How do standard of play and level of competition vary across Europe’s top leagues, and can this tell us which provides the best football?
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Our new unemployment tracker shows the latest jobs data across the European Union, including top-line figures for each country’s constituent regions. The most recent figures are for September 2014.
You can also download the latest data using the link beneath the graphic. Read more
by Gavin Jackson and Keith Fray
On Tuesday the International Monetary Fund released its latest World Economic Outlook. A striking new finding emerges: the seven largest emerging markets are now bigger, in gross domestic product terms, than the long established G7 group of industrialised nations, when measured at purchasing power parity (PPP). Read more
This weekend the FT Weekend Magazine publishes its first guide to all things gastronomic in the French capital. All the articles – on fine dining, natural wine bars, street markets, specialist coffee hangouts, food politics and more – can be found on the magazine’s website.
The interactive map below shows the locations of more than 100 restaurants, bars, shops and cafes listed in the magazine.
by Nassos Stylianou and John Burn-Murdoch
Between May 22 and 25, some 400 million people will be eligible to vote in the European Parliament elections. But how many of them will actually turn up at the ballot box?
Following 2009 treaty changes, the European Parliament will for the first time have a more direct role in electing the president of the European Commission , the EU’s executive arm, giving May’s election added significance.
Despite the increasing influence of the European Parliament, the percentage of those voting to elect its members has fallen in every election, from 62 per cent in 1979’s inaugural direct elections through to 43 per cent in 2009.
At the last European elections five years ago, less than half of those eligible voted in 18 of the 27 member states. In six countries, the turnout was below 30 per cent. In one country, Slovakia, less than one in five of those eligible voted.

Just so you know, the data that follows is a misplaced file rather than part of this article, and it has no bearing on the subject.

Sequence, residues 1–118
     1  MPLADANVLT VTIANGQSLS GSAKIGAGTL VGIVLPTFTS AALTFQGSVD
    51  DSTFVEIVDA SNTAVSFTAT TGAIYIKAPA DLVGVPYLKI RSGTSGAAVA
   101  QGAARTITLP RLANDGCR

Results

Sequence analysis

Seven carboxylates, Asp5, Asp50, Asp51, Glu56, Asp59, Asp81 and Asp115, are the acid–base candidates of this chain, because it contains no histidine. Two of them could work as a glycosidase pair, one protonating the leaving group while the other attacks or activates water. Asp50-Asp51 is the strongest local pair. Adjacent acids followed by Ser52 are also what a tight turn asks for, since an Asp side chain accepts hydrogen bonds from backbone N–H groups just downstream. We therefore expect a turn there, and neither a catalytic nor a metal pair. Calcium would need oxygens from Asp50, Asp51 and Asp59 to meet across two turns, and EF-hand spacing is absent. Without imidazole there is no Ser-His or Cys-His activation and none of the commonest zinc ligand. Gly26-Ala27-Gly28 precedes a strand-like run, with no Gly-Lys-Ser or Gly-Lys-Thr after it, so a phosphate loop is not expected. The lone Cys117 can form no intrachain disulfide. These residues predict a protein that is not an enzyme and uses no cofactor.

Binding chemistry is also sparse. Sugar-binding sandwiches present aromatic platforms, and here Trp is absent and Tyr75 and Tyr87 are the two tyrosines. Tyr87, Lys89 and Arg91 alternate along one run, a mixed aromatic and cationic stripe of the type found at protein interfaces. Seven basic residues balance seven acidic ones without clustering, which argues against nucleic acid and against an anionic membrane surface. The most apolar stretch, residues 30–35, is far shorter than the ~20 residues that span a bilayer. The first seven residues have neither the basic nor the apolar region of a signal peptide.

Turnout in Germany, France and Italy – founding members of the common market – has eroded by more than 20 percentage points since then. In the UK, turnout was already low at 32.3 per cent in 1979 and levels have remained consistently below 40 per cent ever since.
However, several of the newer member states such as Estonia, Latvia and Bulgaria recorded a surge in turnout in 2009.
The UK Department for Transport is under fire over the cancellation of a deal to award a rail franchise, because of “technical flaws” in the bidding process.
The incident brings the British railway system back into the headlines, where it has often been because of contested fare rises. Complaints about the railways may be something of a national sport, but according to a survey published last month by Eurobarometer, the European Commission body that analyses public opinion, people in the UK are more satisfied with their national and regional rail system than most of their European counterparts. Read more
The latest data from the FT/Economist Business Barometer, the quarterly global business sentiment survey, was published last week and the business-friendliness section again made for interesting reading.
France’s “business friendliness” has plummeted since the last barometer survey, which was conducted before before the election of François Hollande as president. For the first time, more of the business executives surveyed by the EIU rated the country’s ”unfriendly” than “friendly” to business. Read more
With more than a year’s worth of of data from our exclusive business sentiment poll, the FT/Economist Global Business Barometer, now available, some interesting longitudinal patterns are becoming apparent for the first time.
Most notable among them is the steady erosion over the past year in executives’ perceptions of the “business friendliness” three of the world’s biggest developing economies, India, China and Brazil.
What we’re reading today in the world of statistics, open data and data journalism:
We like a good political choropleth around here, and Sunday’s European election extravaganza did not disappoint in the psephological cartography department.
A good map of the Greek results can be found at igraphics.gr, Le Monde has the obligatory map of the French presidential election par département, and Michael Neutze’s site Wahlatlas covered the results in the German state of Schleswig-Holstein. Read more